BY HER own admission, Professor Lynne Frostick was a "lone voice" when she moved to Yorkshire to study the impact of climate change.
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Fourteen years on, that voice is listened to by the UK's most prominent decision-makers, as well as fellow academics and captains of industry.
Climate change is a topic that can no longer be ignored, and Prof Frostick, professor of geography at Hull University, is leading the region's efforts to tackle the problem.
As director of the Hull Environmental Research Institute, she leads a team of 100 academics from different fields in working on the biggest environmental issues facing the world in the 21st century.
She sits on the academic steering group of the 50m Centre for Low Carbon Futures - a meeting of minds from Hull, Sheffield, Leeds and York universities aimed at helping the region to rise to the challenge of climate change.
She established Hull University's Environmental Technology Centre for Industrial Collaboration to help businesses become more profitable by reducing waste and using fewer raw materials.
She is President of the Geological Society and heads a Government group devoted to getting more women involved in science, engineering and technology.
Now she can add the title of Yorkshire Post Green Champion to her impressive CV, but, rather than reflecting on her achievements, she insists she has more work to do than ever.
"We need to understand what the impact of climate change might be on a local and regional scale," she said.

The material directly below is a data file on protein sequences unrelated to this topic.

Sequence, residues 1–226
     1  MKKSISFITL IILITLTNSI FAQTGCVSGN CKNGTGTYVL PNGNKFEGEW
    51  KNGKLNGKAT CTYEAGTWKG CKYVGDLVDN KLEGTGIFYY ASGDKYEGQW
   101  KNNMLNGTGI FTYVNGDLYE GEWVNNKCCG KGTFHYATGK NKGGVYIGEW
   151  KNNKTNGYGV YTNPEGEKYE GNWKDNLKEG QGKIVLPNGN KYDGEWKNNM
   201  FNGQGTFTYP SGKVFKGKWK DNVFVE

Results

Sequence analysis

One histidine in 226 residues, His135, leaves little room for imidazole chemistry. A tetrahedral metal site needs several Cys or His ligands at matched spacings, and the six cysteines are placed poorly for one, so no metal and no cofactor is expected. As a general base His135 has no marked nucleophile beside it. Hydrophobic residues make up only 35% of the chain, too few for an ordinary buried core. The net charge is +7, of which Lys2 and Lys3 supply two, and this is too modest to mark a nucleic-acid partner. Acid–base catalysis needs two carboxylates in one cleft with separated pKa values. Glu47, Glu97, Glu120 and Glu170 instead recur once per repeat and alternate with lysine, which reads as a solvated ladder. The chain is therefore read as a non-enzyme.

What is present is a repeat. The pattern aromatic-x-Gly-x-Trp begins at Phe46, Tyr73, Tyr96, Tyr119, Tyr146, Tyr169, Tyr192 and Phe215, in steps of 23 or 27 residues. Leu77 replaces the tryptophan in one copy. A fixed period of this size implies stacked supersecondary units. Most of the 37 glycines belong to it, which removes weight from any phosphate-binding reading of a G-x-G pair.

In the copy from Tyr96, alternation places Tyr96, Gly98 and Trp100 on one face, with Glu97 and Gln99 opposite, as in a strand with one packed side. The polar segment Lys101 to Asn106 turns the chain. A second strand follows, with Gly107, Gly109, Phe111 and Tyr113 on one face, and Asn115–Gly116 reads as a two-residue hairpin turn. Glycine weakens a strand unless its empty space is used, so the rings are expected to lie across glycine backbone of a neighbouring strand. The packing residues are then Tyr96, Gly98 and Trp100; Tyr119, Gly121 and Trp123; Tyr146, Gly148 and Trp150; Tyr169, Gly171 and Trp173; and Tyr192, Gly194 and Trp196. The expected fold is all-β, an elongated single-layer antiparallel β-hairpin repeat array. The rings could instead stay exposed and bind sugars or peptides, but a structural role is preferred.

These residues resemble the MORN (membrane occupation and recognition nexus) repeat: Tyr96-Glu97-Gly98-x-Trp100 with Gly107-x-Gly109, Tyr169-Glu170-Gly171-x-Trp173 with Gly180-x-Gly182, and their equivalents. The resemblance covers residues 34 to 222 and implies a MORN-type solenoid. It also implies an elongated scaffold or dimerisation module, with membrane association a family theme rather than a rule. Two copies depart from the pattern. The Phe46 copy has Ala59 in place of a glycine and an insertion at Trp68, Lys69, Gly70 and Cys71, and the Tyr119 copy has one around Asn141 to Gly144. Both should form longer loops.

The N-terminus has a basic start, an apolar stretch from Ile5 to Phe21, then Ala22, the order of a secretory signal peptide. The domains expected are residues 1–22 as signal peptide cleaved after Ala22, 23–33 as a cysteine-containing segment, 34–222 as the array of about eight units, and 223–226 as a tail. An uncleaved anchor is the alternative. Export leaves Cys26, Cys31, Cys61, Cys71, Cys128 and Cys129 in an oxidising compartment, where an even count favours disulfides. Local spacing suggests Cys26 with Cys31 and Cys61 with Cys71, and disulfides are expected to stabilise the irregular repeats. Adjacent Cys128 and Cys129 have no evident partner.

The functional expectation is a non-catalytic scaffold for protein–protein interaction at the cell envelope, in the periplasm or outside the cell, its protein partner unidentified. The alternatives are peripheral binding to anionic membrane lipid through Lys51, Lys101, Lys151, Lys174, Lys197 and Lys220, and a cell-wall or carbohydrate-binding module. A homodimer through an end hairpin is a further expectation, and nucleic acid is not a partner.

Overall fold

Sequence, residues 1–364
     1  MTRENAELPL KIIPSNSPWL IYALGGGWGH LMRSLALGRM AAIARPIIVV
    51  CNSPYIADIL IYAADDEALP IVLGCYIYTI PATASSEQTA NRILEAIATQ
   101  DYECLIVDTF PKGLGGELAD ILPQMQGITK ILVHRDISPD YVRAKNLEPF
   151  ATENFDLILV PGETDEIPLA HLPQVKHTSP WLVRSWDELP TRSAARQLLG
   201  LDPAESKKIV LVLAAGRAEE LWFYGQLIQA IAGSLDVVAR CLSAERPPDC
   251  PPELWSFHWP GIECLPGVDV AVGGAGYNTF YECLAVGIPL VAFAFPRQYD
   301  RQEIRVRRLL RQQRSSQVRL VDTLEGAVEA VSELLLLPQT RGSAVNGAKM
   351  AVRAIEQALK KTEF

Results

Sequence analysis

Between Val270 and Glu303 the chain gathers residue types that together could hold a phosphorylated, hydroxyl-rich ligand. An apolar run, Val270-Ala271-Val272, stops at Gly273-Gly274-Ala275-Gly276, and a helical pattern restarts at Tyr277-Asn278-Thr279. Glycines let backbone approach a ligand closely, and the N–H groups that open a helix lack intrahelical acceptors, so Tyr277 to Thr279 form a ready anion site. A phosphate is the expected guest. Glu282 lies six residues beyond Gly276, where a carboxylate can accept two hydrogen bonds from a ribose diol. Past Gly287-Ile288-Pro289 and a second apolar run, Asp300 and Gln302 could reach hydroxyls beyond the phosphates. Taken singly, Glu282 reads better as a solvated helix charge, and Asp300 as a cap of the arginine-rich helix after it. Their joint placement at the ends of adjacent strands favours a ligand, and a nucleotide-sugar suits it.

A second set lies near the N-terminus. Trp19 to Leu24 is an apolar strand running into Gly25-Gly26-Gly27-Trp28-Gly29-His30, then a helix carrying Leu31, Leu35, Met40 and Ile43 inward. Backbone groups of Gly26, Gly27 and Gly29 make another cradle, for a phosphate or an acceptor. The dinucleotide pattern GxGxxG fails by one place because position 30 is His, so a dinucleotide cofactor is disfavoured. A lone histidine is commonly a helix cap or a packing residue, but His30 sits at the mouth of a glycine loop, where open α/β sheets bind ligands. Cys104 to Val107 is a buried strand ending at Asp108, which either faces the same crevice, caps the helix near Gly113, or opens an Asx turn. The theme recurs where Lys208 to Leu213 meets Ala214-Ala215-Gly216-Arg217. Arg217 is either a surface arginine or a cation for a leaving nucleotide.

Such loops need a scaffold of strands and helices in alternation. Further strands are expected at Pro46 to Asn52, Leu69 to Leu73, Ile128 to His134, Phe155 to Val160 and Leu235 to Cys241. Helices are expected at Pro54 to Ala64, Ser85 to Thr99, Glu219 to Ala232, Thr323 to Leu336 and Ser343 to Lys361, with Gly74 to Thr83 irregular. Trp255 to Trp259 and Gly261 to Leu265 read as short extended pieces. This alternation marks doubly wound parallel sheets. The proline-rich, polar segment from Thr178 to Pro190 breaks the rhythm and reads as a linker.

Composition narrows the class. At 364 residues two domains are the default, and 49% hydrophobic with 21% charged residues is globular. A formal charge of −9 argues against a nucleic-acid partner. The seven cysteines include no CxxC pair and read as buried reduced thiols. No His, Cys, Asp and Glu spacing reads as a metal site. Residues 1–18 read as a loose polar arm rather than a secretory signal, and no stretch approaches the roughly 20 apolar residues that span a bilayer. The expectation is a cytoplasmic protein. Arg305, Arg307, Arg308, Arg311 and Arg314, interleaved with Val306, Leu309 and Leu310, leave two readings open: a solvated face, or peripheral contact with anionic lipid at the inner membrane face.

"We can start talking about what is likely to happen, but helping people to understand uncertainty and to prepare for an uncertain future is a challenge.
"We will stop emitting as much carbon dioxide as we are - we have to because of resource constraints, and we will have to change our ways.
"But, whatever we do, we have got 50 to 100 years of climate change ahead of us which will affect this country, and it is uncertain what that effect will be."
Prof Frostick initially trained as a geologist before completing a PhD thesis at East Anglia University on metals and metal erosion in estuaries.
She later took an academic post at Birkbeck College in London and went on to work in Kenya with renowned conservationist Richard Leakey.
After moving to Hull she set up the Centre for Waste and Pollution Research, helping industry to better understand waste science, and spent three years as the university's Pro Vice-Chancellor for Enterprise
She heads a research centre at Hull's submarium The Deep and co-wrote a report into the floods which devastated the city in 2007.